City Stars: How Lisa Babcock became a member of East Lansing City Council

When Lisa Babcock graduated from Lansing Eastern High School in 1984, her biggest goal was to see the State Capitol dome in her rearview mirror as she left her hometown behind.

“I mean, I was out of here,” said Babcock.

Babcock is now a member of East Lansing City Council.

She grew up on the east side of Lansing, and as a child she and her friends rode their bikes to East Lansing. Babcock’s urge to leave her hometown brought her to the University of Michigan. She originally wanted to be a journalist, but changed her mind and studied political science.

“A Detroit Free Press columnist who wrote about politics, Hugh McDermott, said to me one day, don’t get a degree in journalism, get a degree in something you want to write about,” said Babcock.

Right after college, Babcock worked for a weekly newspaper. She reported on local government in Charlevoix County, Michigan.

“I learned about budgets, zoning, and downtown development agencies, how to hold a meeting, all of these things that really helped me today,” Babcock said.

Lawyer Lisa Babcock photographed on March 13, 2021. – Rahmya Trewern | The state news

Babcock said she thought she would end up working for a publication in a big city. Instead, she moved down to work for US Senate candidate Bill Brodhead. Within two weeks, Brodhead had fired his campaign manager. Babcock was able to find a job and worked on the Senate Democratic staff for energy policy. Babcock said this work was interesting to her.

“I also looked around and found that the lifespan of a minority employee was quite short,” said Babcock.

Babcock looked back on her experience as a reporter, but was interested in another position.

“I remembered being up north attending city council meetings and thinking, as much as I loved being a reporter, the second best job in the room had to be the lawyer,” Babcock said.

So Babcock found the courage to apply to law school. At 34, she began law school at Michigan State University College of Law and attended night classes. After graduating from law school, Babcock found a job with an energy company, but quickly moved on to court-ordered cases. But the work was exhausting for her because she had to defend suspected criminals.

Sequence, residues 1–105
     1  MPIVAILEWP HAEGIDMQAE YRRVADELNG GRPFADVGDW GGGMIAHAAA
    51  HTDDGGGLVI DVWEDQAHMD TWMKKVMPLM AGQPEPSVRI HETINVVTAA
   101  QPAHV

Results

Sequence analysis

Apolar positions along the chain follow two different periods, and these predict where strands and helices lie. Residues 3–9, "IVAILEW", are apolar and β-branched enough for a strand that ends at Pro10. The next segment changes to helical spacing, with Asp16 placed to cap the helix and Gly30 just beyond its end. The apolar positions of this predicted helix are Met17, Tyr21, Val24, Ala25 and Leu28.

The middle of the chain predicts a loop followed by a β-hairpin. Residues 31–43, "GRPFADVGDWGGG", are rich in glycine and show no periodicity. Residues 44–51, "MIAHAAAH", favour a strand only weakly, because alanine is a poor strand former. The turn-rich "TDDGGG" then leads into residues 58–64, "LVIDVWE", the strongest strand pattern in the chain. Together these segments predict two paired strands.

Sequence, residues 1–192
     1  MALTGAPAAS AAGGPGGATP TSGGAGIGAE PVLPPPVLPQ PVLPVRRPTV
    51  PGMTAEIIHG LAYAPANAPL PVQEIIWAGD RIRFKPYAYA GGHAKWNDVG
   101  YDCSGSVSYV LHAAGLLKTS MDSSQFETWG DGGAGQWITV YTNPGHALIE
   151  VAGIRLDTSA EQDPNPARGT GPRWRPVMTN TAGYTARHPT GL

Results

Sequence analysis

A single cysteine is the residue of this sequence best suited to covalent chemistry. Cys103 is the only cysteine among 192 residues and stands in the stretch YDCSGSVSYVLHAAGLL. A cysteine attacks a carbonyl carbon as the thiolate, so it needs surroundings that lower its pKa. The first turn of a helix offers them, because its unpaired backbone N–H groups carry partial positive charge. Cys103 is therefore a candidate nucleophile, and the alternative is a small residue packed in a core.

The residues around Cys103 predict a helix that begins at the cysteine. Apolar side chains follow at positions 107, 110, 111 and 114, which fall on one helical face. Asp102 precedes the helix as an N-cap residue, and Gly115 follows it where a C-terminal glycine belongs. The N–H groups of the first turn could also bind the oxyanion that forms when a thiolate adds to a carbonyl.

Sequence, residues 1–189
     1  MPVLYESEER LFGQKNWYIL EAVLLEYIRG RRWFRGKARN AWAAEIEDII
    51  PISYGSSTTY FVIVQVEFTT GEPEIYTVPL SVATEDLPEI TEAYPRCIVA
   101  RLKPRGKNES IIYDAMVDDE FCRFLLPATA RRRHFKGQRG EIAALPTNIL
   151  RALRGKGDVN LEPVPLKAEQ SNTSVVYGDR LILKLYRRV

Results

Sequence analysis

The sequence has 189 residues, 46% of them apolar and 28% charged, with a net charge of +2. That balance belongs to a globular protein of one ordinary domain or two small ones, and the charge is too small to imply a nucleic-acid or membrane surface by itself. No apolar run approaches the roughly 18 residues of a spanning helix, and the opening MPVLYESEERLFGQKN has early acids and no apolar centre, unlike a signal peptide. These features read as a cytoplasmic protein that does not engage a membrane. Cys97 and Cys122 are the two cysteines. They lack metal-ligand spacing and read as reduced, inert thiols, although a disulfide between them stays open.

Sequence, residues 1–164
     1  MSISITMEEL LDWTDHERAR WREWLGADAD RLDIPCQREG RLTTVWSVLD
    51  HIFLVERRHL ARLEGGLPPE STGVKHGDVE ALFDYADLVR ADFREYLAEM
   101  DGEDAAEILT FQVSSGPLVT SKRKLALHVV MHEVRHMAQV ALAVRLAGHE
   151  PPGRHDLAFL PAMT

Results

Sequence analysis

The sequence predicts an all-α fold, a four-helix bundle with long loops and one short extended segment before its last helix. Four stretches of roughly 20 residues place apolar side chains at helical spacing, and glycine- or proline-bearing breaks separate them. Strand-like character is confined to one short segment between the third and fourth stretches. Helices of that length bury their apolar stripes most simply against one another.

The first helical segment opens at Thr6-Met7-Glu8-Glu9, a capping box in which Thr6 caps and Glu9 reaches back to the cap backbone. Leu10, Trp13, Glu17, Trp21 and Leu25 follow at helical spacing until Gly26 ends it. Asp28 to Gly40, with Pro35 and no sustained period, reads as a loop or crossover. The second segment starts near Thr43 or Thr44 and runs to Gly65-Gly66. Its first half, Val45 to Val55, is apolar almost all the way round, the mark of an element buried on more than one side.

“I had no idea what people could do each day and then do it again the next day,” said Babcock. “They all get their fees cut, you delete their records, and they’re back three weeks later.”


Lisa Babcock, who was later elected to East Lansing City Council. Photo taken on September 16, 2019.

– Haley Sinclair | The state news

In 2019, Babcock read about the City of East Lansing’s use of the bidding site eBay to auction a piece of public land. The city had only informed about a dozen parties about the sale. This lack of transparency led Babcock to apply for the city council.

“I thought we could do better,” said Babcock. “It’s a great community, but we can do better.”

Babcock said that she is still fighting for more transparency and that she believes the city can still do better.

“I want the city council and the city’s direction to be known for fairness,” Babcock said.

In addition to his work on the city council, Babcock continues to work as a lawyer and works on a novel.

In retrospect, Babcock wished she had started earlier.

“Years ago I was thinking about running for office in Lansing and I asked people and they said things like,” Oh, you’re not ready or you’re not the right person, “Babcock said.” I will never stop wondering what would have happened if I had run when I was 35 instead of 50. “

Babcock’s advice, especially to women in the position she has been in, is to go after things without waiting for others’ approval.

“Don’t ask for permission, especially for women,” Babcock said. “Don’t ask for permission, don’t wait for permission.”


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